I Love this mic ! This is my first shotgun and though I recognize that it is "value" manufactured and priced it gave great results when I recorded a friend talking to a crowd of 30 in a living room. Extraneous noise was almost non-existent and the speaker's voice 20 feet away was rich, full and accurately sibilant in the higher frequencies. I mounted it in the AT8410a shock mount and that into the hot shoe on a consumer-grade video-tape Handicam and the results were just fine. I got plenty of signal from the mic into the recorder so the sound on a TV set is really good for such an amateurish production. I highly recommend the AT6550, especially for the price and the results. Great job A-T !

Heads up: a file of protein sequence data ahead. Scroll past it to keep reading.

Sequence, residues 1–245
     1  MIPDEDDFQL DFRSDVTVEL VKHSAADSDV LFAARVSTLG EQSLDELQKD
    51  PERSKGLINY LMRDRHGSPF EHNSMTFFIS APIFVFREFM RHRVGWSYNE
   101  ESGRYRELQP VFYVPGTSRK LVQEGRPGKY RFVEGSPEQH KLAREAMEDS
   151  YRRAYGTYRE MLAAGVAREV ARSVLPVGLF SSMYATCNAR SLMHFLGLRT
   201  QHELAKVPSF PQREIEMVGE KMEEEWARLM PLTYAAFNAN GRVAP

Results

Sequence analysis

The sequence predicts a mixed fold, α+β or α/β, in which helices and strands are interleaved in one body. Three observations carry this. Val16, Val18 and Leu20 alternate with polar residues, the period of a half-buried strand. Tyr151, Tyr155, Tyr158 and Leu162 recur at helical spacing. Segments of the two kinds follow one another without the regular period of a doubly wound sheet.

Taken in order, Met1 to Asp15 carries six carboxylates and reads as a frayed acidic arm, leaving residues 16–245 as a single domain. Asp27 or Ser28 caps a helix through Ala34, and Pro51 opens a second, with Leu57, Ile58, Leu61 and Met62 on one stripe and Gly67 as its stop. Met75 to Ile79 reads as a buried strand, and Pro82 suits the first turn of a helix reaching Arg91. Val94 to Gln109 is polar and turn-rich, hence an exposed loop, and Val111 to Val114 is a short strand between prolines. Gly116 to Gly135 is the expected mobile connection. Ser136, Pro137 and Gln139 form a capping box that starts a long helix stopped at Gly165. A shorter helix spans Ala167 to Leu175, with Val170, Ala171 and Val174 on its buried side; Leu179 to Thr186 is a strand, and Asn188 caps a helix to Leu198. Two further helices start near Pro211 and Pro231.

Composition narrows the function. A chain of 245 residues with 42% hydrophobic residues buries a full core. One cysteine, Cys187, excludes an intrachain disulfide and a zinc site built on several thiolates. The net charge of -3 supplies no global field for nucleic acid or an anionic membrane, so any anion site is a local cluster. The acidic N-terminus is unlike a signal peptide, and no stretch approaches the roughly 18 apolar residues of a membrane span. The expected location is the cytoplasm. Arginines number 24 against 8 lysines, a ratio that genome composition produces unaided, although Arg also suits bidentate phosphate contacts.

Great for use with DSLR cameras. The ATR6550 comes with a permanently attached 18 inch coiled cord with a 1/8 inch stereo audio plug at the other end (wired for mono sound). Since the cord can't be unplugged from the mike, it's really designed for on-camera use. To use it on a boom pole, you'd need to use an extension cable with 1/8 inch connectors. Extending an unbalanced line such as this can introduce unwanted electrical noise into your audio. This is really the perfect mike to be used on top of any DSLR, because it is self powered and plugs directly into the camera's external mike input without the need for any cable adapters. While it will not match the audio quality of a phantom powered XLR balanced line mike, it also costs only a fraction as much. The sound quality is crisp and intelligible for voices, but it does sound a little thin in the bottom end when used on a Nikon D5100. It does sound much better than the stock in-camera mike, and so it fills the needs for small budget film projects using DSLR cameras. It has much better low end audio response and high end crispness when used with a dedicated video camera like a Panasonic TM700. On that camera, the sound quality more closely matches that of mikes in the 300 dollar range. In summary, it's perfect for the hobbyist or student film maker with a DSLR or small camcorder, but a pro will need an XLR mike.